Date of Award


Document Type


Degree Name

Doctor of Education (EdD)


School of Education

First Advisor

Susanna Thornhill, Ph.D

Second Advisor

Scot Headley, Ph.D

Third Advisor

Dane Joseph, Ph.D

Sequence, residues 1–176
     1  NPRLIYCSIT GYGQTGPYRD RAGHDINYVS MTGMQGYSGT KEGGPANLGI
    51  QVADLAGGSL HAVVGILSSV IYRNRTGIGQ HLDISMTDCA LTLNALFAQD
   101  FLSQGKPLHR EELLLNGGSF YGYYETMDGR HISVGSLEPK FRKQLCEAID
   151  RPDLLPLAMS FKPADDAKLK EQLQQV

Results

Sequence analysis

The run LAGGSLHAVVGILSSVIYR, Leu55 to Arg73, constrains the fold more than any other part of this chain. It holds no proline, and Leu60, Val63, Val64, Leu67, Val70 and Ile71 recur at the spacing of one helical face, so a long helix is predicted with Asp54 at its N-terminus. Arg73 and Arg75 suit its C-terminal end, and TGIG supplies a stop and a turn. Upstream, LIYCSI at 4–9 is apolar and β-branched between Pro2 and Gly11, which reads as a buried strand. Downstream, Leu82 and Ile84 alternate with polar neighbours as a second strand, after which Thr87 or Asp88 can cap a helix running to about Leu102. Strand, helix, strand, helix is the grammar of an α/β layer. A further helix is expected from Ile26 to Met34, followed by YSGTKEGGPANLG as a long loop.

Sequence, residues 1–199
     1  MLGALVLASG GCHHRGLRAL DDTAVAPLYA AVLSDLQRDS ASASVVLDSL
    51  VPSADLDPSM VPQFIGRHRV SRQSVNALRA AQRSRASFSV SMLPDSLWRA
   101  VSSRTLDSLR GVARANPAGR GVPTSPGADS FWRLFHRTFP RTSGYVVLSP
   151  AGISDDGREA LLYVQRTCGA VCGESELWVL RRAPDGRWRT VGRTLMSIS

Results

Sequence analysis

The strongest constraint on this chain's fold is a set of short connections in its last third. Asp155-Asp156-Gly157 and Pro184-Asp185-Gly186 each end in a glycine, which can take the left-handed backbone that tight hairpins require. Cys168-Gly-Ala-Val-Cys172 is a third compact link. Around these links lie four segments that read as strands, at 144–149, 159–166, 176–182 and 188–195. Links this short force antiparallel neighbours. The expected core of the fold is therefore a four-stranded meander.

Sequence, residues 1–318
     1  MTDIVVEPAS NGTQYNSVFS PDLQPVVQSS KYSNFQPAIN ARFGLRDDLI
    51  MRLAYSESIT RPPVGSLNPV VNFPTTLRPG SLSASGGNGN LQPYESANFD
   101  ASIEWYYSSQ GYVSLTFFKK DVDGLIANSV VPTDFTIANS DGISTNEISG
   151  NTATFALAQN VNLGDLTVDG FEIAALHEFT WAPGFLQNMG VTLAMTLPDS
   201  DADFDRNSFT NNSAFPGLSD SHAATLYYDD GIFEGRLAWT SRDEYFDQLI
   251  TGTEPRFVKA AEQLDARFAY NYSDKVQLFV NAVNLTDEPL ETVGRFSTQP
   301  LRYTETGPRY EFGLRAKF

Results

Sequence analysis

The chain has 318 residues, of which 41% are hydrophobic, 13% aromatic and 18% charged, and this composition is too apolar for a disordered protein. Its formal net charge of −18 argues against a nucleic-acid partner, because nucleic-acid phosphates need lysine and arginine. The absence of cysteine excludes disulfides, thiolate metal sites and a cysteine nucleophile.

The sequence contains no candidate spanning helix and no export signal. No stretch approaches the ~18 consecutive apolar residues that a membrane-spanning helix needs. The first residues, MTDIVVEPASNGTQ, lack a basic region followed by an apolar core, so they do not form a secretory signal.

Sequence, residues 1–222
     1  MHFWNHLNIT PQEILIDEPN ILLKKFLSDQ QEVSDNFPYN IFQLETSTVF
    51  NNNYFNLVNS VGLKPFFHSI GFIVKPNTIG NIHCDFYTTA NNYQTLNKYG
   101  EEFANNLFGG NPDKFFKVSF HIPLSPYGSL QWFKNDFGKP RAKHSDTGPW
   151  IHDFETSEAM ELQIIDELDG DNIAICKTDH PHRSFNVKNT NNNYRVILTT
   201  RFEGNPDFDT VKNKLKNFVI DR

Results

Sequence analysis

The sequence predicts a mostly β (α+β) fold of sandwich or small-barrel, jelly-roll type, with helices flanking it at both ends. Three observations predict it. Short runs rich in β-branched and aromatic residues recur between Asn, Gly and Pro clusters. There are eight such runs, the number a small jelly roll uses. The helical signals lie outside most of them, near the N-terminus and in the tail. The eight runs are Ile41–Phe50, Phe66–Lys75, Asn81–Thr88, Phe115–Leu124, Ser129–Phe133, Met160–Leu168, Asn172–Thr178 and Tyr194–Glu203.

The purpose of this study was to examine the predictive validity of the 2013 Oregon Kindergarten Assessment (OKA) early literacy and early math scores on 2016-2017 third-grade Smarter Balanced Assessment (SBAC) English language arts/literacy and math scores in a semiurban school district in Oregon. The 3,200 participants were fourth-grade students in the 2017- 2018 school year; this cohort of students were kindergarteners when the OKA was first administered during the 2013-14 academic year and third-graders during the 2016-2017 academic year. This was the first cohort of students to be assessed using both the OKA and the SBAC. This study used a multiple linear regression model to examine the relationship between OKA scores and third-grade SBAC scores. In addition, this study used a hierarchical regression model to examine the extent to which OKA scores interacted with students’ ethnicity, socioeconomic status (SES), English learner (EL) status, classification for special education services, and gender to predict their third-grade SBAC achievement scores. The findings of this study suggest that OKA early literacy and early math scores predicted third-grade SBAC ELA and math achievement to a modest extent. The hierarchical regressions indicated that, even when interacting with demographic variables, OKA scores were only a modest predictor of third-grade SBAC outcomes. Findings from the hierarchical regressions demonstrated that models that only utilize the demographic variables of ethnicity, SES, EL status, classification for special education services, and gender have a stronger relationship with SBAC ELA and math scores than models that only utilize OKA early literacy or early math scores.